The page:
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Ashworth, Edmund (1800–1881), cotton manufacturer and free-trade activist, was born on 17 November 1800 at Birtenshaw, Turton, near Bolton, the fifth of the eleven children of John Ashworth (1772–1855), farmer, land agent, and cotton spinner, and his wife, Isabel Thomasson (1772–1852). Edmund was a younger brother of ...

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Bellers, John (1654–1725), political economist and cloth merchant, was probably born in Philpot Lane, near Gracechurch Street, London, the eldest of three children of Francis Bellers (1616–1679), merchant and Quaker, and his wife, Mary Read. His father was from Alcester, Warwickshire, and, besides accumulating substantial wealth as a merchant and trader after his migration to ...

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Bethel, Slingsby (bap. 1617, d. 1697), merchant and political economist, was baptized in Alne, in the North Riding of Yorkshire, on 27 February 1617, a younger son of Sir Walter Bethel (d. 1622), gentleman, and Mary Slingsby (1582–1662), daughter of Sir Henry Slingsby...

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Slingsby Bethel (bap. 1617, d. 1697) by William Sherwin, 1680 © Copyright The British Museum

Article

Cazenove, John (1788–1879), merchant and political economist, was born in London on 12 May 1788. He was the third son of James Cazenove (1744–1827), a merchant of French Huguenot origin, who emigrated from Geneva and married (1781) Marie-Anne Sophie Houssemayne Du Boulay, daughter of the pastor of the French church in ...

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Decker, Sir Matthew, first baronet (1679–1749), political economist and merchant, was born in Amsterdam, the son of Derrick (Dirk) Decker, of Amsterdam, and his wife, Katherina. He received his commercial education under Burgomaster Velters of Amsterdam, but in 1702 travelled to London to establish himself as a merchant, and was naturalized in February 1704, at the second attempt. He then consolidated his business interests, and it was through trader and banker ...

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Freeth, John [pseud. John Free] (1731–1808), innkeeper and political ballad writer, was born at the Bell tavern, Philip Street, Birmingham, the son of Charles Freeth, landlord of the Bell, and his wife, Mary. Nothing is known of Freeth's education or of his early years, although it seems that he was once an itinerant street ballad singer. Where and when ...

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Henrisoun, James (d. before 1570), merchant and propagandist, was apparently a native of Edinburgh and by 1527 owned land on the south side of the High Street. He made his living principally by trading to the Low Countries, where he bought military supplies for the crown. In this he co-operated with ...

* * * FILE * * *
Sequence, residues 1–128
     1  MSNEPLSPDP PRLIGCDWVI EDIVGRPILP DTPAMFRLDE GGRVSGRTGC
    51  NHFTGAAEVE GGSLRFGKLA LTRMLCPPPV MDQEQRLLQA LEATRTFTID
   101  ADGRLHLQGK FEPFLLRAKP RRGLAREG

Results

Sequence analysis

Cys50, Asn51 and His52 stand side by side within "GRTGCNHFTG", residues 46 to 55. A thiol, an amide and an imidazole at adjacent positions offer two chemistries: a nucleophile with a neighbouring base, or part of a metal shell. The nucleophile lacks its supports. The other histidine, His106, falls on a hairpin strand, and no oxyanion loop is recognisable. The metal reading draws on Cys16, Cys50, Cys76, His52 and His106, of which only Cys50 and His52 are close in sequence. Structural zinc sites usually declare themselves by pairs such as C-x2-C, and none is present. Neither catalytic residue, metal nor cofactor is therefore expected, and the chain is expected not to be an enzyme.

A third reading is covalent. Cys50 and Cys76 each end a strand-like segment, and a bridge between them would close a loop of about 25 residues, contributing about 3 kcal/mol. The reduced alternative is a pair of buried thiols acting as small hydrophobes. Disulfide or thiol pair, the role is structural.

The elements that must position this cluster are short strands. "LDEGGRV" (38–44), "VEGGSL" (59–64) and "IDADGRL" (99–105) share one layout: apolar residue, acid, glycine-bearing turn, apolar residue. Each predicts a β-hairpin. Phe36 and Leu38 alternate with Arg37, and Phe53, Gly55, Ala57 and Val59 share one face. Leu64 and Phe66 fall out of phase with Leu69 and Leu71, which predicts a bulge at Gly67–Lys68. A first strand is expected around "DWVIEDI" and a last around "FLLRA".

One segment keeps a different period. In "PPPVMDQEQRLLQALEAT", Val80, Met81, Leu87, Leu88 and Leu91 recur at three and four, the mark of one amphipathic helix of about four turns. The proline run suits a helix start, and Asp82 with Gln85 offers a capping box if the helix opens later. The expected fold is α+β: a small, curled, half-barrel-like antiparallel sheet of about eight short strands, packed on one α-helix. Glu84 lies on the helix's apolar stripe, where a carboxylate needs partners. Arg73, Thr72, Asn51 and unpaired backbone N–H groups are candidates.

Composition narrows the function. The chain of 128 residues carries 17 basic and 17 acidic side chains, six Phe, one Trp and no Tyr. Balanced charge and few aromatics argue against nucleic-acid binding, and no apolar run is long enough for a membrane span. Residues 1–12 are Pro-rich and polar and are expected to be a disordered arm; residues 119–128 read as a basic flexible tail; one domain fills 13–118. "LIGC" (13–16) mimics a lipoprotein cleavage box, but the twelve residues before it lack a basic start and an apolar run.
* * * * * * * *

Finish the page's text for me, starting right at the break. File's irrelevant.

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Hubbard, John Gellibrand, first Baron Addington (1805–1889), merchant and fiscal reformer, was born on 21 March 1805, the eldest son of John Hubbard (d. 1847), a Russia merchant of Stratford Grove, Essex, and his wife, Marian (d. 1851), daughter of John Morgan...

Article

G. G. Smith

revised by M. J. Mercer

Mitchel, William (1670–1740?), tinsmith and pamphleteer, was born in Scotland but nothing is known of his early life. In or about 1696 he moved to Edinburgh and took up residence in the Bowhead. There he earned a living as a tinsmith and by superintending the lighting of the town lamps. ...

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Oliver, Frederick Scott (1864–1934), draper and polemicist, was born on 20 February 1864 in Edinburgh, elder son of John Scott Oliver, merchant, and Catherine (d. 1869), daughter of Duncan McLaren. Nephew of John McLaren, Lord McLaren, and Charles McLaren, first Baron Aberconway...

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Pollexfen, John (1636–1715), merchant and political economist, was the second son of Andrew Pollexfen of Stancombe Dawney, in the parish of Sherford, Devon, and his wife, Joan, daughter of John Woollcombe of Yealmpton. His relations with his elder brother, Sir Henry Pollexfen, were not always smooth because of resentment that his brother had inherited the entire family estate. ...

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Roper, Abel (bap. 1665, d. 1726), bookseller and political writer, was born at Atherstone, Warwickshire, the son of Isaac Roper, and was baptized at Mancetter on 13 September 1665. In 1677 he was adopted by his uncle, also Abel Roper, who from 1638 had published books at the ...

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Abel Roper (bap. 1665, d. 1726) by George White (after Hans Hysing) © National Portrait Gallery, London

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Smith, John Benjamin (1794–1879), promoter of free trade, was born in Manchester, the eldest son of Benjamin Smith, a cotton merchant there. A brother, Thomas Smith (d. 1864), settled at Colebrooke Park, Kent. Smith married Jemina, daughter of William Durning of Liverpool...